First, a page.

So rather than his debut UK performance consisting of him unplugging all the instruments, wheeling out a series of Pete Seeger approved folkies and telling the E Street Band to play “really fucking quiet” (although, give it 30 years), he resorted to tearing down all posters in the venue displaying that infernal quote.
At least by then some of the commercial pressure had been relieved. Because Columbia now had in their possession – after fourteen months of Springsteen “chasing the sounds in his head” (oh, how the execs must have worried when they heard that phrase) – Born To Run.
An album of epic scale. An album that strains everything in its unflinching desire to be brilliant, for you to see it as brilliant. Sonically it was a big step away the first two records. Springsteen’s had become obsessed with creating a Spector-like wall-of-sound and capturing that orchestrated weight was at least part of the reason why it took so long to finish.
But capture it they did. There’s a grandeur and an epic scale to Born To Run. Perhaps it was at the expense of some of the vivid absurdity the lyrics in his previous work, but what was lost was amply replaced by a new found cinematic heft and a thematic shift from the parochial to the global.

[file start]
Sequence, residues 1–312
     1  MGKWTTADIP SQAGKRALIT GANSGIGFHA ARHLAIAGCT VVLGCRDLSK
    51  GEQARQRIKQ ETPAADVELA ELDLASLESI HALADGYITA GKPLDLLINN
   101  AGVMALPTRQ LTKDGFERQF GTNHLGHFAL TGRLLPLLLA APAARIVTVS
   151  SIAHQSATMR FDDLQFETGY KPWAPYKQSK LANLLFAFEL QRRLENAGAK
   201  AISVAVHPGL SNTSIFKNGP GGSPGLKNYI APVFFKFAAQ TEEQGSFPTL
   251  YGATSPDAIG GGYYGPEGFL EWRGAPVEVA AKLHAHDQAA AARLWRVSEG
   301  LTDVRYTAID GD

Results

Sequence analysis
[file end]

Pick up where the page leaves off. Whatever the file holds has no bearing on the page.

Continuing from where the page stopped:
It begins with a lone harmonica and piano shyly dancing around. Then Bruce steps up, a hint of desperation a weight of expectation in his voice as he begins to sketch his cast. Then the rest of the E Street players arrive, and the song builds. And builds. The momentum increases. By the time Springsteen announces “it’s a town full of losers, I’m pulling out of here to win”, the doubt has gone, replaced with a steely-eyed determination.
It’s the archetypal song for those who dream that there’s more to life than this two-bit dump has to offer. But the thing is, while Springsteen’s dreamers are inherently, well, dreamers, they’re also pragmatic. Realistic.